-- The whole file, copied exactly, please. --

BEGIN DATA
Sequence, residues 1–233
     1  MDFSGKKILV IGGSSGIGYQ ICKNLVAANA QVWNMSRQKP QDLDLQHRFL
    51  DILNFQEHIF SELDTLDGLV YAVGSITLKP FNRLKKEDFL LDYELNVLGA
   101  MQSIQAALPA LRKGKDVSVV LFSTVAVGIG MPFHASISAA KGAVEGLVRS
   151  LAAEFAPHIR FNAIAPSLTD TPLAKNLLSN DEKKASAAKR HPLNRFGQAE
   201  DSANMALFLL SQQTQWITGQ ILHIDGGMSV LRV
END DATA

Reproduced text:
Sequence, residues 1–233
     1  MDFSGKKILV IGGSSGIGYQ ICKNLVAANA QVWNMSRQKP QDLDLQHRFL
    51  DILNFQEHIF SELDTLDGLV YAVGSITLKP FNRLKKEDFL LDYELNVLGA
   101  MQSIQAALPA LRKGKDVSVV LFSTVAVGIG MPFHASISAA KGAVEGLVRS
   151  LAAEFAPHIR FNAIAPSLTD TPLAKNLLSN DEKKASAAKR HPLNRFGQAE
   201  DSANMALFLL SQQTQWITGQ ILHIDGGMSV LRV